Lower Eiderdown Prices Skip to content

Lower Eiderdown Prices

By Iceland Review

The prices of rinsed eiderdown have dropped by half since 2008, Morgunbladid reports.

Before the crash in 2008, one kilo of the luxury down, thought to be the best natural insulator available, sold for over ISK 100,000 (US 775 / EUR 637


Eider in Vigur Island.

Last year one kilo sold for approximately ISK 50,000 (US 387 / EUR 319.

Icelandic eiderdown has been very popular for use in luxury duvets, sleeping bags and overcoats. About 1,500 kilos of the down are collected annually throughout June and July, when the eider ducks nest in colonies along the shoreline around the country, except in the south, where few eiders reside.

Farmers cultivate the colonies, creating ideal circumstances to attract the valuable birds which have been preserved in Iceland since 1849. The farmers work at keeping away predators like gulls, ravens, foxes and minks.

The female eider duck lays 4 to 8 eggs between May and June and carefully insulates the nest against the chilly Arctic weather with its down. Eiderdown farmers collect the down from the nests three to four times a season and the biggest colonies can produce up to 90 kilos of down seasonally.

The farmers have an association consisting of 260 members. Jónas Helgason, the chairman of the Eider Cultivation Association, says the biggest reason for the price decrease is fraud.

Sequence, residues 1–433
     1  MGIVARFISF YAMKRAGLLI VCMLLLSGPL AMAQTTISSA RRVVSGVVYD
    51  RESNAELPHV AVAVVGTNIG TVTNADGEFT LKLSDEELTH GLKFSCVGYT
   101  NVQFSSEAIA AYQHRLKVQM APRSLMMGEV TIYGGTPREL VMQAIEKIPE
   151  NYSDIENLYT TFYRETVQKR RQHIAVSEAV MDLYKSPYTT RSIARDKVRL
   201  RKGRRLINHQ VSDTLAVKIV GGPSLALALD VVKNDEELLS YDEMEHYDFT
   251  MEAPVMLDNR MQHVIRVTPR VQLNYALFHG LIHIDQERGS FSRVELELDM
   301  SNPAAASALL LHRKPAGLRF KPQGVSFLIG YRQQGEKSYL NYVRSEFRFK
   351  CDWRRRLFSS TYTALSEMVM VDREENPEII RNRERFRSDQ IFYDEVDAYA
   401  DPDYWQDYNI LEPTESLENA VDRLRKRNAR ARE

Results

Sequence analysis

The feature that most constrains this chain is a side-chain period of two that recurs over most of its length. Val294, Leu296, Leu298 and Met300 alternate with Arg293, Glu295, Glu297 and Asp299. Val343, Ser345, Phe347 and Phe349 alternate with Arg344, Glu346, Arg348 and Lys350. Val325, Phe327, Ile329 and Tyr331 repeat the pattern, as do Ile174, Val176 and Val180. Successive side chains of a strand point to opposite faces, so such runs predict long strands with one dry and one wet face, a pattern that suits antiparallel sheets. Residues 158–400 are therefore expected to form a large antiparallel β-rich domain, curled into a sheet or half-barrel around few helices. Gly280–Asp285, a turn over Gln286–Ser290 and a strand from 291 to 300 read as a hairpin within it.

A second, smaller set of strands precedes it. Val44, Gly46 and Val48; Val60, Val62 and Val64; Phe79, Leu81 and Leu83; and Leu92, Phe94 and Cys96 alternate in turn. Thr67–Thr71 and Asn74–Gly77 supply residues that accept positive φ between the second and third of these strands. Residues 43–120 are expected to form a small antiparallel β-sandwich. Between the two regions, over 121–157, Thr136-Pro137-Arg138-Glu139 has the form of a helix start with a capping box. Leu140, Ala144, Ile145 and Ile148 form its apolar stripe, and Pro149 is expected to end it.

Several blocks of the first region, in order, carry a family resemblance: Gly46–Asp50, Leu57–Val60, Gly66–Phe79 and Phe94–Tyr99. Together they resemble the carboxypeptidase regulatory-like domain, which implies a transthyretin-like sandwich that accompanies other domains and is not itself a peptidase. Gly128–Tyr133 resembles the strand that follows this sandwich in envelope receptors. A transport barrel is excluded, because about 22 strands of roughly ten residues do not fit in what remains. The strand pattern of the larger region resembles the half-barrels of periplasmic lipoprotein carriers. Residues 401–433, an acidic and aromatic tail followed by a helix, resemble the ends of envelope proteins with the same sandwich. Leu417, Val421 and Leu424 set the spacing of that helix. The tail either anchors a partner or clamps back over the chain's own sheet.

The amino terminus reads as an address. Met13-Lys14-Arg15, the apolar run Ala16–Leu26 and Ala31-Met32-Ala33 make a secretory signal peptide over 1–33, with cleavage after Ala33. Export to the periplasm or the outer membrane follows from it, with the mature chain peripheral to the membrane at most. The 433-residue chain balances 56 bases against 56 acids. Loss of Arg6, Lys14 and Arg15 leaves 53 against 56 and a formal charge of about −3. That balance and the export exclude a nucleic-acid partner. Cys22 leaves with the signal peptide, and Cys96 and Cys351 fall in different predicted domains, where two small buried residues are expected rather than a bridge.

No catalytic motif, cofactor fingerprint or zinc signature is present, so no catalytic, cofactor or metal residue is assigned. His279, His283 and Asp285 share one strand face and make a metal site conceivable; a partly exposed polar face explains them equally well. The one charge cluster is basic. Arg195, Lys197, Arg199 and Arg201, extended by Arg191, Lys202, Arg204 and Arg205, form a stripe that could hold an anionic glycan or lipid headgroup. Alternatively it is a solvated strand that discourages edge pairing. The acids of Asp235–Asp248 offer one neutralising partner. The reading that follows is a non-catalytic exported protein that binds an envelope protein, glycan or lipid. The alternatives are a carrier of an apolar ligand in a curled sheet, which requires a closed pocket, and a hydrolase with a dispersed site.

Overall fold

Low quality goosedown is being passed around as eiderdown in Japan, which is the biggest market for the down. Some products which have been inspected do not include one gram of eiderdown in spite of being sold as pure eiderdown products.

A single eiderdown duvet sells for up to ISK 600,000 (US 4,650 / EUR3,822 ), so it is quite important for the buyer to make sure he has purchased the real thing.

“I am sure the prices will rise again once the economy in Japan starts to pick up,” said Helgason, who owns one of the most productive eider colonies in the country, located on Aedey island in Ísafjardardjúp bay. Aadey translates as the island of eider.

Helgason said that the eiderdown season has been very productive this spring with dry and cool temperatures ensuring an excellent product.

Our special offer for the Iceland Review magazine with eruption photos and coverage.

Sign up for our weekly newsletter

Get news from Iceland, photos, and in-depth stories delivered to your inbox every week!

* indicates required

Subscribe to Iceland Review

In-depth stories and high-quality photography showcasing life in Iceland!